Frenchman Charles Locklear, Ferrari driver, will take the streets of Monaco to himself (Sunday), in order to spin the circuit in his hometown in his team’s sports car, to shoot a short film.
Leclerc, 22, appears in the short film directed by Frenchman Claude LeLouche, in which he remakes the movie “Was a Encounter”, which was implemented in 1976, and was filming illegal high-speed driving in the streets of Paris in the early hours of the morning.
Monaco authorities agreed to close the street race track to traffic and pedestrians for about two hours on Sunday morning, in order to photograph the required scenes in the film.
Locklear, who will drive the Ferrari SF90 Strudel in the new movie “The Great Meeting” (Legend Rende Vu), wrote on his Twitter account (Saturday): “Today he was supposed to witness Qualifying experiences for the race in my hometown (Monaco).
“But because of the current situation, the Grand Prix has been canceled, but thanks to Ferrari I will be able to drive the car around (Sunday) for a short film by Claude Lelouch … I can’t wait to drive again,” Ferrari driver added.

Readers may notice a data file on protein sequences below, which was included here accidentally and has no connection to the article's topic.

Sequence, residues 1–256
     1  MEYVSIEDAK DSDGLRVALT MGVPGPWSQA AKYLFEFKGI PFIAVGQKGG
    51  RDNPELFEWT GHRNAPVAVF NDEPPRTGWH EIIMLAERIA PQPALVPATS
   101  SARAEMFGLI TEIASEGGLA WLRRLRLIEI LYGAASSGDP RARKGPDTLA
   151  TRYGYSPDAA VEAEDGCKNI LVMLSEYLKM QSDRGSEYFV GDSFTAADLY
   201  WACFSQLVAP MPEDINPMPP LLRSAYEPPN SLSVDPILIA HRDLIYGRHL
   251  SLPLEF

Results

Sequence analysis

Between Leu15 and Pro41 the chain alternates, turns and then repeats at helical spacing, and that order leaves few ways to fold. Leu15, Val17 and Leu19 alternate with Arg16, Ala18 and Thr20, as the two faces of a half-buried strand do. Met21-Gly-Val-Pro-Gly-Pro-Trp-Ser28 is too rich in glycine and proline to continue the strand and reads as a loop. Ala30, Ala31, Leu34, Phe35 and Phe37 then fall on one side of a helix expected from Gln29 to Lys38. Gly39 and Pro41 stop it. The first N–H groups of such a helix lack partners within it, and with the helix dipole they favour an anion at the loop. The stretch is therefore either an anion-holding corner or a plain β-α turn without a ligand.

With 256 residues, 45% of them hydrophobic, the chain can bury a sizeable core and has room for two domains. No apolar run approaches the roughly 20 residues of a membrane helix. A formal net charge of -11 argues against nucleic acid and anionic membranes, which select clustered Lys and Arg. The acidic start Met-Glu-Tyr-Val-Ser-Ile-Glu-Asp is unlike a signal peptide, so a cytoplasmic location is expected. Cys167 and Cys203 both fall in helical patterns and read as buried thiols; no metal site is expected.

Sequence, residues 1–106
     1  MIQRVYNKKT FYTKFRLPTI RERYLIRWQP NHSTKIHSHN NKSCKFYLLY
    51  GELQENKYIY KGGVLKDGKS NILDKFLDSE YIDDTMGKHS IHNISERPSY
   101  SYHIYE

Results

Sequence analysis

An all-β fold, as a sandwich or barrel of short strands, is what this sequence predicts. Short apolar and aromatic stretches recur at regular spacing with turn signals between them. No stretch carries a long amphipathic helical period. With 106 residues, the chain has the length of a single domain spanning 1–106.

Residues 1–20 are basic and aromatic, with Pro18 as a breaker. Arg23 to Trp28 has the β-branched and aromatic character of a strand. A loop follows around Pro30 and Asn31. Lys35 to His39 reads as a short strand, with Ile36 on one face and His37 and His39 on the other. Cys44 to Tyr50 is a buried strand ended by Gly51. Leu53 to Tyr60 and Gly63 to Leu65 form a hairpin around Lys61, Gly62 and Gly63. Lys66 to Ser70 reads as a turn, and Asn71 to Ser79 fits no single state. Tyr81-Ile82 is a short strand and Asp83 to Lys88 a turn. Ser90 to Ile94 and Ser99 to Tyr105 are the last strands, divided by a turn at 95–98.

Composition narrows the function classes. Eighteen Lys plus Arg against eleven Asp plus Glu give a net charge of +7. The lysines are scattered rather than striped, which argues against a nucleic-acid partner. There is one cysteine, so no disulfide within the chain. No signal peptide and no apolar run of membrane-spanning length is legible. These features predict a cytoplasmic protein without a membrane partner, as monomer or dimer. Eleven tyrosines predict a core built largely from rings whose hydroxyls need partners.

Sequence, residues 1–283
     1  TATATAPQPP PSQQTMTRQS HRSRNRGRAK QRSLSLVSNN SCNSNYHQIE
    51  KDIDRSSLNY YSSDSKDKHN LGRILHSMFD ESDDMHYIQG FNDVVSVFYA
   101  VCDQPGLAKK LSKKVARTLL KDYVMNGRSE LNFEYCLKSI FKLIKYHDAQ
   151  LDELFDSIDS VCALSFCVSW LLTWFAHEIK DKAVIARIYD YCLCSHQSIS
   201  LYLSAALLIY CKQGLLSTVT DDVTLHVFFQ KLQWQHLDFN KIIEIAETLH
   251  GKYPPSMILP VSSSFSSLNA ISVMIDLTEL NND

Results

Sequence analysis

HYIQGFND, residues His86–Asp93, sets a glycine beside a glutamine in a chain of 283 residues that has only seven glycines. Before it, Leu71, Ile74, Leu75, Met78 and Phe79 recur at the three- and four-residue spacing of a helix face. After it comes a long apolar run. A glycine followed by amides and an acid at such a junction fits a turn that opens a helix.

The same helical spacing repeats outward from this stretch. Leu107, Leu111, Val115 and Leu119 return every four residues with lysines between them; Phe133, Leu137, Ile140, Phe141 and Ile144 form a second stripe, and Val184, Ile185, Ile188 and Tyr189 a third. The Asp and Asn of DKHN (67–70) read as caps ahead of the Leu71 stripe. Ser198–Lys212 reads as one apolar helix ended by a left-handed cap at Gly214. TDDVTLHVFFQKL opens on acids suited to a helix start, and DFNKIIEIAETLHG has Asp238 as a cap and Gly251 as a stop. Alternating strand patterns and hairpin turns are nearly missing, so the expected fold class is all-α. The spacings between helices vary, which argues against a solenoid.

It is noteworthy that the Monaco Grand Prix, which has been on the Formula 1 schedule since 1954 and is the most famous car championship race, was canceled this season due to the Corona pandemic, which caused the start of the championship season to be disrupted so far.
Later on Sunday, Locklear will participate in the virtual Monaco race in the Formula 1 electronic series from a simulator at his home.
Bad memories of the director
The authorities in Paris did not authorize Loulouche to drive in 1976, but he went ahead with filming the movie, and the camera was installed on the front of the Mercedes 450 SEL, while the engine sound of the Ferrari 275 GTB.
The movie, which was filmed in one shot, revolves around the driver’s journey from Port Dauphin through the streets of central Paris to a meeting with his girlfriend in front of the Sacre Coeur Cathedral in the Montmartre region.
Lloch, now 82, was arrested briefly and his driver’s license confiscated after the footage appeared, and the movie became available on DVD in 2003.